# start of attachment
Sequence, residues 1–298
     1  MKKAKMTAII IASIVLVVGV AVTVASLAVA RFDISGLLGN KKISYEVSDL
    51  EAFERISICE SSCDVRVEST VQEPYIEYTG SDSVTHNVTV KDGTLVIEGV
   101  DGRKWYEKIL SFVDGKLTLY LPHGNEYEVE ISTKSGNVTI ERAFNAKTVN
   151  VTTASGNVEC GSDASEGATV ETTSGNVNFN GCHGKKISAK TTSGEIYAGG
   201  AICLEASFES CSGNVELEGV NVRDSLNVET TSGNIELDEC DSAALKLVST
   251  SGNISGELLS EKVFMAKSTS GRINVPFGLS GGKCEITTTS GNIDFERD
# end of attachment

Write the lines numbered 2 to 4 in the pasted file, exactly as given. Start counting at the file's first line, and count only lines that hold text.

     1  MKKAKMTAII IASIVLVVGV AVTVASLAVA RFDISGLLGN KKISYEVSDL
    51  EAFERISICE SSCDVRVEST VQEPYIEYTG SDSVTHNVTV KDGTLVIEGV
   101  DGRKWYEKIL SFVDGKLTLY LPHGNEYEVE ISTKSGNVTI ERAFNAKTVN